Perspective Sports Top

Careless word choices undermine women athletes

Fans and players alike are trying hard for equality and respect for AFLW, but those with the power are not helping. This action is from a Action from a 2020 Australian Football League Women's match between Carlton and Collingwood. (Alyce Collett/YJI)

Melbourne, AUSTRALIA – It was International Women’s Day once again this week, which means it’s a great opportunity to reflect on how far we’ve come as a society. It’s also a chance to raise awareness of the many, many issues that women still face in the world.

Events in the past few weeks have highlighted the importance of language in the ongoing effort toward respect and equality for women, particularly in sports.

There have been many instances recently, particularly with regards to the Australian Football League and its partners, where inadvertent phrasing has given off the wrong message to many fans and players alike.

The first was a tweet from the league’s official Twitter account, talking about how the tickets for the men’s practice matches were about to go on sale. In the post, they said, “Footy’s back!” implying that the previous five rounds of the Australian Football League Women’s season that had been played up until that point were somehow not footy.

Thankfully the post has since been taken down, but it was the beginning of a bit of a trend emerging on Twitter from the league and its partners.

Next up was Fox Footy, which is a pay TV channel in Australia and one of the league’s broadcast partners. Now they are an even bigger culprit than the league for inadvertent sexism in their wording.

The first reported case was a video published by the network on Twitter ahead of the first practice match of the men’s season. In the video, famous former cricketer Shane Warne says how excited he is about the first match because his team is involved, but he then described the game as ‘proper footy,’ again implying that the five rounds of the women’s season that had been played up until that point were somehow not proper footy.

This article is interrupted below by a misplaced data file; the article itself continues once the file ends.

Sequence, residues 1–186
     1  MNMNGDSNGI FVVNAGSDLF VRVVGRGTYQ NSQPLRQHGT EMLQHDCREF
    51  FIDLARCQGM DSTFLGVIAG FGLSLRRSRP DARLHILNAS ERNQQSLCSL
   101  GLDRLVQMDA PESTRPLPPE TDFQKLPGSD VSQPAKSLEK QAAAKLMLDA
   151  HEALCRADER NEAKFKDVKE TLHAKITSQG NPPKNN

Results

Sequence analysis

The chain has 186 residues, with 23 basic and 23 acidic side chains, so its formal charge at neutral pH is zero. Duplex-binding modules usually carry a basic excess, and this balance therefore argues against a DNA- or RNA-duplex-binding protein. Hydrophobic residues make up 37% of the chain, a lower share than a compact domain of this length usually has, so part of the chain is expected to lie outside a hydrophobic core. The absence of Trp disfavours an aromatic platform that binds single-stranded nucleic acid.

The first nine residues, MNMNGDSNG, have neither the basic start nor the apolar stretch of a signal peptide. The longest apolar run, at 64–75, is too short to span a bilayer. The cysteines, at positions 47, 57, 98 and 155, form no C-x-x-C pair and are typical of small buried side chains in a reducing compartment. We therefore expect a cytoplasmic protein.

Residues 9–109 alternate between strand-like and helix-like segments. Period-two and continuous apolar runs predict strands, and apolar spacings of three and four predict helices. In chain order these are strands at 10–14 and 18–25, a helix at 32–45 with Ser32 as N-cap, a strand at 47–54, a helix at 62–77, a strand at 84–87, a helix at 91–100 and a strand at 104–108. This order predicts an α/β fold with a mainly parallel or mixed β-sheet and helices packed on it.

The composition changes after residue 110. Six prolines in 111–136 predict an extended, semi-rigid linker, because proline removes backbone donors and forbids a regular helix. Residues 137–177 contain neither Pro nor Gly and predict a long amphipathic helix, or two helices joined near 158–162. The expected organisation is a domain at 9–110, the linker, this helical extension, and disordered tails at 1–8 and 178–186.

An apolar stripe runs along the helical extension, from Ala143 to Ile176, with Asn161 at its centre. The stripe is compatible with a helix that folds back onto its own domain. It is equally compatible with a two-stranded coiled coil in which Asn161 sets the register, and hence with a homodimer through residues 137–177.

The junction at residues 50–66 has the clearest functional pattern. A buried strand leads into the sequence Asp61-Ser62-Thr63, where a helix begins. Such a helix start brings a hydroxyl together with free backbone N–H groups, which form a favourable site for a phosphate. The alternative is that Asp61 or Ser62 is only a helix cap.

Though this might sound weird, it was heartening to see the backlash Fox got for this tweet. Many people were quick to point out the arrogance of his choice of words, which was pleasing to see in a comment section that in the past was notorious for the presence of anti-women’s league trolls.

Another satisfying thing to see was after that happened, a little bit of a Twitter trend –  #properfooty – began to emerge amongst the women’s league fans who had seen the Fox Footy post. Using the hashtag, they posted photos from women’s matches to highlight how the women’s league is still proper footy, despite what some may think.

The third example of bad language choice came from a footy analysis show on Foxtel on Monday night. A graphic used at the beginning of the show said, ‘Tonight’s Agenda – first taste of 2021 footy,’ referred to the men’s practice matches that occurred over the weekend. This was another instance of those at Foxtel seemingly forgetting that we’re already in the middle of a women’s league season.

It was even happening at the actual practice matches, with the ground announcers mentioning in their broadcasts, ‘Footy’s Back!’ which is just not true.

Footy had been back for over a month. 

These instances highlight how important it is to use the right phrase. Women’s football is already fighting hard enough for the respect and equality it deserves, and this kind of language is just making things harder.

It just sends the message that these organizations really don’t care about the women’s league after all, and are just in it for the money and good public relations it brings.

So Australian Football League and Fox Footy: if you’re reading this, there’s something simple you can do to improve this situation and never have this problem again.

Just add the word “men’s” to your tweets and graphics when you’re talking about the men’s season. It’s not difficult. It may seem trivial, but it is worth it in the respect you will get in return.

And you would do it without prompting if you were really all for respect and equality like you say you are. 

Alyce Collett is a Correspondent with Youth Journalism International.

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